The (Revised) Banned List

John Rentoul

downwith 201x3001 The (Revised) Banned ListTime to recap the entire, updated list:

1. It’s the economy, stupid.
2. A week is a long time in politics. Or variants thereof, such as, “If a week is a long time in politics then a month seems an eternity.”
3. What part of x don’t you understand? Although this one seems to have died a peaceful death already.
4. Way beyond, or way more.
5. Any time soon.
6. “Events, dear boy, events.” (Except as the name of an excellent political blog, currently in abeyance.)
7. Learning curve.
8. Raising awareness.
9. Celebrating diversity.
10. Best practice.
11. Inclusive.
12. Community, especially a vibrant one.
13. Hearts and minds.
14. Celebrity.
15. Makeover.
16. Lifestyle.
17. Going forward.
18. A forward policy.
19. A big ask.
20. Robust.
21. Not fit for purpose.
22. Hard-working families.
23. Apologies for lack of postings.
24. Black hole (in a financial context).
25. The elephant in the room.
26. Perfect storm.
27. Seal the deal.
28. A good election to lose.
29. Game-changer.
30. Beginning an article with “So”.
31. IMO, IMHO, LOL, ROFL and so on. I mean, whose opinion is it going to be? Genuinely witty abbreviations, however, are permitted, for example, QTWTAIN, YYSSW, IICRS (Questions to Which the Answer is No; Yeah, Yeah, Sure, Sure, Whatever; Iraq Inquiry Coverage Rebuttal Service).
32. Vibrant (when used to mean lots of non-English people).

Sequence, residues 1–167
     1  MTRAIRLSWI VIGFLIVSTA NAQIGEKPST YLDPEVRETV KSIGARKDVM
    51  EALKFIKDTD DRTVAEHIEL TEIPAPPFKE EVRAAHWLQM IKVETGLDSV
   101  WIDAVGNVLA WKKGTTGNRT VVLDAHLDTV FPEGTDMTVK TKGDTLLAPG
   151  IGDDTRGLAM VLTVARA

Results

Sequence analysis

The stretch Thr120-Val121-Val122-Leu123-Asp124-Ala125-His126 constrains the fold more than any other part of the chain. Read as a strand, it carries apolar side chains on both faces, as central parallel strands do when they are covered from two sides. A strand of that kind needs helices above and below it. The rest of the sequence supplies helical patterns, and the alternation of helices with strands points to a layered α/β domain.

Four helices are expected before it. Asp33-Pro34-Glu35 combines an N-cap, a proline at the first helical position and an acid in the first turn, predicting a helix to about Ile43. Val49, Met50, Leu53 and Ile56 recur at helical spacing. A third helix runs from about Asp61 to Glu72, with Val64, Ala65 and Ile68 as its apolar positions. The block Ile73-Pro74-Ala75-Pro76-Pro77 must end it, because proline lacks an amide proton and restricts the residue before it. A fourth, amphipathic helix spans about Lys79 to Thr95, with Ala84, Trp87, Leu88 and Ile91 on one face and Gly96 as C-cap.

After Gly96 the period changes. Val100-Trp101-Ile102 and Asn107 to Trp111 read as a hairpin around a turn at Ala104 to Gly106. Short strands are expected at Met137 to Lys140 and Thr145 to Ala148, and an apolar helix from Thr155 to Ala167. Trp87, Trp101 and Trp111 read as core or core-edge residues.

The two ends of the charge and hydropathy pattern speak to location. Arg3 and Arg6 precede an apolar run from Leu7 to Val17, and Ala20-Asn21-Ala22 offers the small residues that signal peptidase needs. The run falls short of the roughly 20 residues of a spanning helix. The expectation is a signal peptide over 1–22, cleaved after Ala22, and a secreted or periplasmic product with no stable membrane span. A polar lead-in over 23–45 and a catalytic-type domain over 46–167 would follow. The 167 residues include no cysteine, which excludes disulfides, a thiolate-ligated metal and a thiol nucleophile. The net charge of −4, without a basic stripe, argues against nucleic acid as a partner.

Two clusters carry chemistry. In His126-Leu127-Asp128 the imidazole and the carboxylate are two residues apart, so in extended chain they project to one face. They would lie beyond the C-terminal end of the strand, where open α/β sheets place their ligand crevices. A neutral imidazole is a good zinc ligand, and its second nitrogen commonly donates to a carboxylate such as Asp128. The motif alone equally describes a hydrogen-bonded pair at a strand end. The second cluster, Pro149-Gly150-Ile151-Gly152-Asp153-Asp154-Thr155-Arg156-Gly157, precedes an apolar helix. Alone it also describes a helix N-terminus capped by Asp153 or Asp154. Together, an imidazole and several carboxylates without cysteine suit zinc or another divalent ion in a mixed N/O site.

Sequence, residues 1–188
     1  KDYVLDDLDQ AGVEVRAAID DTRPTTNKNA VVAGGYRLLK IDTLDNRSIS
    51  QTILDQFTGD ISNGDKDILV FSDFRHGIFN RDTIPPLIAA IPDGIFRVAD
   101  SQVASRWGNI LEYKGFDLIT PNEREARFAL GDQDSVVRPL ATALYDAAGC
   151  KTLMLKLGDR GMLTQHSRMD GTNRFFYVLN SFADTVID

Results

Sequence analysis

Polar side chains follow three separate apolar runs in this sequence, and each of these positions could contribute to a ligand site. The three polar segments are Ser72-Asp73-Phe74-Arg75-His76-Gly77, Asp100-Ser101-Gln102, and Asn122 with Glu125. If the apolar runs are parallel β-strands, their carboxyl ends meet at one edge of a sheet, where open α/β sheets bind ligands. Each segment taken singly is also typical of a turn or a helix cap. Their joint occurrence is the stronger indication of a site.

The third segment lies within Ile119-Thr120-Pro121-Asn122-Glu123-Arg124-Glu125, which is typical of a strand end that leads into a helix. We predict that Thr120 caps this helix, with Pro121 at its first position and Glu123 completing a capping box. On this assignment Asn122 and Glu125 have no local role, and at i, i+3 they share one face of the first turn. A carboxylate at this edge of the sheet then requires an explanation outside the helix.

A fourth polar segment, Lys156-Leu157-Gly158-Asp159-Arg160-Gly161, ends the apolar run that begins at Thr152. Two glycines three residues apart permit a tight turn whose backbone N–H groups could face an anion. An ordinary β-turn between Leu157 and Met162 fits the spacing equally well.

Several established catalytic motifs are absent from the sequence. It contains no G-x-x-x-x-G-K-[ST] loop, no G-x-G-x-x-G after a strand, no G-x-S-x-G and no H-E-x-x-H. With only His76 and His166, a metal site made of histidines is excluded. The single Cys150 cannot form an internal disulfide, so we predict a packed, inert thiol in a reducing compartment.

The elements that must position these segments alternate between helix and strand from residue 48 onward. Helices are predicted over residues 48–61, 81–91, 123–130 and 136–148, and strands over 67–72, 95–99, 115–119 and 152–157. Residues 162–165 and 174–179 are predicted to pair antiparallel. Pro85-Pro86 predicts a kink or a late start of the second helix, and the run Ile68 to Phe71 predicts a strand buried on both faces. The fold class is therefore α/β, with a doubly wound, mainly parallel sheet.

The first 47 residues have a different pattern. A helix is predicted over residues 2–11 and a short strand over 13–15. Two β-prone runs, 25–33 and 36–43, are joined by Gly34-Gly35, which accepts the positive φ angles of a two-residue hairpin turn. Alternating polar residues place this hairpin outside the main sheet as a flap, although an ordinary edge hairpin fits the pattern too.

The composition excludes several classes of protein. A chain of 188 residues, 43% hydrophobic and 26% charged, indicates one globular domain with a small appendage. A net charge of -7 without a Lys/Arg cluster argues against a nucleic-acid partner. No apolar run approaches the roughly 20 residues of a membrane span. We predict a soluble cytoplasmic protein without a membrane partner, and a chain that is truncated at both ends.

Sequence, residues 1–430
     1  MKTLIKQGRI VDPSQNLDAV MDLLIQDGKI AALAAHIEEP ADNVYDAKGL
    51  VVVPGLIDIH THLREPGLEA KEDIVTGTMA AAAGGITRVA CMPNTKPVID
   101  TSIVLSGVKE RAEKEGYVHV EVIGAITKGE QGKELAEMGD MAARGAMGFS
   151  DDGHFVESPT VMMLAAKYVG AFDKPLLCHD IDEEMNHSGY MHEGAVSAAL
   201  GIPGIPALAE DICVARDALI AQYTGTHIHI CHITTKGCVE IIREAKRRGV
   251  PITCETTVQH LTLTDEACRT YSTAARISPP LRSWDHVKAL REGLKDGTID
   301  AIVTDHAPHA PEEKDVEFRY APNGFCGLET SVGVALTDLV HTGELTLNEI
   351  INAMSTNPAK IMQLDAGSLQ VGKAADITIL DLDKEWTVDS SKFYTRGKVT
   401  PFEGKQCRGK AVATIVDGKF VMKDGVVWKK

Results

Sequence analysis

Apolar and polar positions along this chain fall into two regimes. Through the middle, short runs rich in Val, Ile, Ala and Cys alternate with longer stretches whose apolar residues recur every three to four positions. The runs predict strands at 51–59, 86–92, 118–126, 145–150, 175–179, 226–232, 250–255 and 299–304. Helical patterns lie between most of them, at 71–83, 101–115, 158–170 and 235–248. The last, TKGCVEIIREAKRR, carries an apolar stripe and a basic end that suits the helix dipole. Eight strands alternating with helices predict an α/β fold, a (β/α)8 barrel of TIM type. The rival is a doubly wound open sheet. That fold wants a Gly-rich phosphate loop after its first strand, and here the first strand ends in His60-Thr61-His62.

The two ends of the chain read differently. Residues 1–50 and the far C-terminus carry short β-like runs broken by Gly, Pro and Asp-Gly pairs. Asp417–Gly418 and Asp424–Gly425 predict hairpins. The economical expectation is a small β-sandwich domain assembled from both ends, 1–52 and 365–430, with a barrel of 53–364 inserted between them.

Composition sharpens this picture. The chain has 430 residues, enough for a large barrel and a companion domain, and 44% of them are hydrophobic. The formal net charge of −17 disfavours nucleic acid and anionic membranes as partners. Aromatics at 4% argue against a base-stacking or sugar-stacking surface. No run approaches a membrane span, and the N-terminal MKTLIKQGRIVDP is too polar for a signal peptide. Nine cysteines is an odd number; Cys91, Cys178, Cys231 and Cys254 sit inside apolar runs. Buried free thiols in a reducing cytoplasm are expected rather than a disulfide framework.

33. Progressive.
34. Arguably, as in “arguably the most perfect village in the Siebenburgen” (Spectator, 24 July 2010).
35. Headlines beginning “Now”, as in “Now You Pay for Prison Parties.”
36. “We will take no lessons on x from y.” Tedious bit of parliamentary polyfilla.
37. Beginning a report with “They came“.
38. Iconic.
39. Action as a verb.
40. Parameter.
41. “The level of.”
42. “A sense of.”
43. “A series of.”
44. “The introduction of.”
45. “A package of.”
46. “A basket of.”
47. “A raft of.”
48. “A range of.”
49. “The prospect of.”
50. “(All) the hallmarks of.”
51. Leverage as a verb.
52. U-turn as a verb.
53. Dislocate as a noun.
54. Toilet, storyline or any other unsuitable noun as a verb.
55. Exponential or exponentially used to mean big or a lot.
56. Incredible or incredibly as intensifiers.
57. “On a daily basis.”

And a new one:

58. It’s in his/her/their DNA.

A ban inspired by Michael Sheen, interviewed by The Sunday Telegraph:

My focus is more about making each moment inhabited and full and complex and as layered as possible. Each moment has to have the DNA.

The original version of the list is here, with additions here.

It should also be noted that the Committee has decreed that some phrases are compulsory.

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  • caccafritta

    Violence with violence.
    Violence does not only mean being knocked on the head with a baton.
    The government actions are violence to the people and so only with violence can be dealt
    The students should arm themselves in order to face armed police

  • Francois Morrow

    Let’s be clear
    At the end of the day

  • LancashireLad

    Smile and the whole state machine laughs at you!

  • Ciaran Rehill

    34. What has Romania to do with anything? 58. The only thing in one’s DNA is A,C,G & T.

  • Aigu

    A fatwa (itself a good candidate) on any reference to deckchairs, the Titanic, icebergs

  • Dominic Newbould

    “To be honest” is a stinker, although I have fond memories of Harold Wilson’s “To be perfectly honest and frank and reasonable…”
    “Bottomed out” has spawned “to bottom out” – ugh!
    Helping everyone “reach their full potential” – is there a limit on potential?

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